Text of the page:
London-based crypto investigation expert Intelligent Sanctuary (iSanctuary) is working with crypto exchanges in Singapore on a case involving an estimated US$3 million in stolen digital assets.
According to the Straits Times, more than five cryptocurrency exchanges in Singapore are working with iSanctuary on a case which spans multiple countries, including Spain, Ireland, Britain, and other European countries.
iSanctuary did not name the exchanges, but stated that the fraudsters are ‘purported to be from Singapore’ and that stolen assets are being laundered through exchanges, including some that operate in Singapore.
According to iSanctuary founder and CEO Jonathan Benton, his team managed to track down the assets within the first 24 hours of the incident and applied for an injunction in the Singapore High Court within a week.
The application was for a worldwide freezing order in the form of an NFT, which was served to the private wallet of the hackers.
The NFT is public, and allows for anyone who interacts with the wallet, including cryptocurrency exchanges, to see the court documents and clearly identify that the wallet is involved with the stolen funds.
The NFTs themselves are designed by Zach Burks, founder and CEO of NFT marketplace Mintable.
According to Burks, the use of the NFT to serve court documents proves that tokens have real and functional use cases.
“Our innovation lies in this NFT’s capability as both ‘lookout’ and ‘red notice’. Any movement of funds in or out of the cold wallets can be detected by the investigator, and any third party encountering the funds can see the court orders to act.”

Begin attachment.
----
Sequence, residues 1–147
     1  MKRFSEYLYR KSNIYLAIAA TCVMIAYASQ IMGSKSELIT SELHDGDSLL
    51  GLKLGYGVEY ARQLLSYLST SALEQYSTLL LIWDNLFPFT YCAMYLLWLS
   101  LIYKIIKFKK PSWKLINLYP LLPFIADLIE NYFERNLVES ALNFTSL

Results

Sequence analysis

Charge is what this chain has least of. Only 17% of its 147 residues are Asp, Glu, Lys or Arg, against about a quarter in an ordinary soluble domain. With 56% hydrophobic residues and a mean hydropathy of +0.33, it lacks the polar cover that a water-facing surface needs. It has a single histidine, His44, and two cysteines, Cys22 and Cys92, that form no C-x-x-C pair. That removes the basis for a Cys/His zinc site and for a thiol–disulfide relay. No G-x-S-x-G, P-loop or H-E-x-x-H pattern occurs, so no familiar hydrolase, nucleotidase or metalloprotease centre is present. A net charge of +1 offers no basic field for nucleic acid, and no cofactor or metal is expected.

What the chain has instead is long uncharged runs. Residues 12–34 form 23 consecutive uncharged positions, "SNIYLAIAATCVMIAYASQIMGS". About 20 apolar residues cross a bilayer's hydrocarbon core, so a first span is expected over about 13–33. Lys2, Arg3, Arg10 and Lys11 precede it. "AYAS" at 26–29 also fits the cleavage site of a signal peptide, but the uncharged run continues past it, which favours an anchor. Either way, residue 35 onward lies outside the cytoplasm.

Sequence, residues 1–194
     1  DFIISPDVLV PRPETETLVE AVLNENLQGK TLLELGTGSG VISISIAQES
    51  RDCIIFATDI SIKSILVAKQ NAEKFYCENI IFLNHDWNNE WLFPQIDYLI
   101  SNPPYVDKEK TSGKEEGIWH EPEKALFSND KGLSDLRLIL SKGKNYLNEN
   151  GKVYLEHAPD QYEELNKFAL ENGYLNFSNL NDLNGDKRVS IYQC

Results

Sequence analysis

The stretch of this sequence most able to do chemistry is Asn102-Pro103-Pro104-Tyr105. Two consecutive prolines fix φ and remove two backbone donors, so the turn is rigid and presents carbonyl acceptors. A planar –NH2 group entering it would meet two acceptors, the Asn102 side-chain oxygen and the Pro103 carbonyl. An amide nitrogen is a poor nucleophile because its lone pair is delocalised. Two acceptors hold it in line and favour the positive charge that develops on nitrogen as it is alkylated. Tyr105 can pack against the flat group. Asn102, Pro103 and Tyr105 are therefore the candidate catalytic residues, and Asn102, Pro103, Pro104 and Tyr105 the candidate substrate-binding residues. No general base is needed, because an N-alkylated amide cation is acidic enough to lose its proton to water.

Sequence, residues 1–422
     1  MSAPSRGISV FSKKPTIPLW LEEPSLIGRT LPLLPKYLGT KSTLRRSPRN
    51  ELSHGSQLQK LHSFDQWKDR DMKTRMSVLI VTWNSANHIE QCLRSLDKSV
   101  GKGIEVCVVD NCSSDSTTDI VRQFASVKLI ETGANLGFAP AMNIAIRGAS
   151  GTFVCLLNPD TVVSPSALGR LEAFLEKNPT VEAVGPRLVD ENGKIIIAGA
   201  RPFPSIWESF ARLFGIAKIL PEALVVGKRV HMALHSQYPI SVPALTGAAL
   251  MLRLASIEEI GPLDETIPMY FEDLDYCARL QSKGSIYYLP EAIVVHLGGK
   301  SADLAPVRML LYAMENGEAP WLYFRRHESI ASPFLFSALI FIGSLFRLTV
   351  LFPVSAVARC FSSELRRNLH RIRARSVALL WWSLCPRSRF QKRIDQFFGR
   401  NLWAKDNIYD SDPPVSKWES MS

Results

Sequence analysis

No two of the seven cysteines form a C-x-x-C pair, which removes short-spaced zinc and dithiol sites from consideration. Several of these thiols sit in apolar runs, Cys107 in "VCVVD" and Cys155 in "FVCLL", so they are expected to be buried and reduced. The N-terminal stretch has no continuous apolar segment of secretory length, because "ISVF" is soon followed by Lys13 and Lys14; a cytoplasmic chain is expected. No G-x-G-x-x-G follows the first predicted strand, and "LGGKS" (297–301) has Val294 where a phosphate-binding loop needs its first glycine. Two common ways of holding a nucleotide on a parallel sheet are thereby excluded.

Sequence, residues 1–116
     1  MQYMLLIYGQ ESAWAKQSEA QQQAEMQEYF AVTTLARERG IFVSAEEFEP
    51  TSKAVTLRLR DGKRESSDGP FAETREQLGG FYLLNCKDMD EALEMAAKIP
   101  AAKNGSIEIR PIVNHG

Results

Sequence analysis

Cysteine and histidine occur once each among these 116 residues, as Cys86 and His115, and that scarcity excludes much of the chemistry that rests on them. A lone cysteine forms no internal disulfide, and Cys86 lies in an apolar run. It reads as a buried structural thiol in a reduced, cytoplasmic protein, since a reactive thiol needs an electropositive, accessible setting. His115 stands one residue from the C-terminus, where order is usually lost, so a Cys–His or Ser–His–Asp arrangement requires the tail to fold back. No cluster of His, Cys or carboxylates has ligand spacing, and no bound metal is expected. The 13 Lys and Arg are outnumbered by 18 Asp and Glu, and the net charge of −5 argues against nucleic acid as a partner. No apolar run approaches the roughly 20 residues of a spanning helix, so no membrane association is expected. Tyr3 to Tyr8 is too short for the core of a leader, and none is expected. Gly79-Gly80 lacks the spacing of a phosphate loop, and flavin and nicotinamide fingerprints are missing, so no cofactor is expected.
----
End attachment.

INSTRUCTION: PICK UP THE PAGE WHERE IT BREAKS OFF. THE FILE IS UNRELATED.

This is not the first time that NFTs have been used to serve court documents.
In a podcast session with Coinlive, Yam Wern-Jhien, co-founder and director of Setia Law, also noted that there are times when stolen assets are traced to a wallet, but they are unable to identify the owner of the wallet.
In such cases, simply dropping an NFT of the court document into the wallet may be the best way to ensure that the court document is served.
The injunction that iSanctuary is seeking is also not without precedent. Last year, a Singapore court ruled that NFTs are digital assets, and that they can be afforded legal protections under the law.
The court then issued an injunction against further sales of the NFT, and the NFT, which was being sold on OpenSea, was marked for suspicious activity.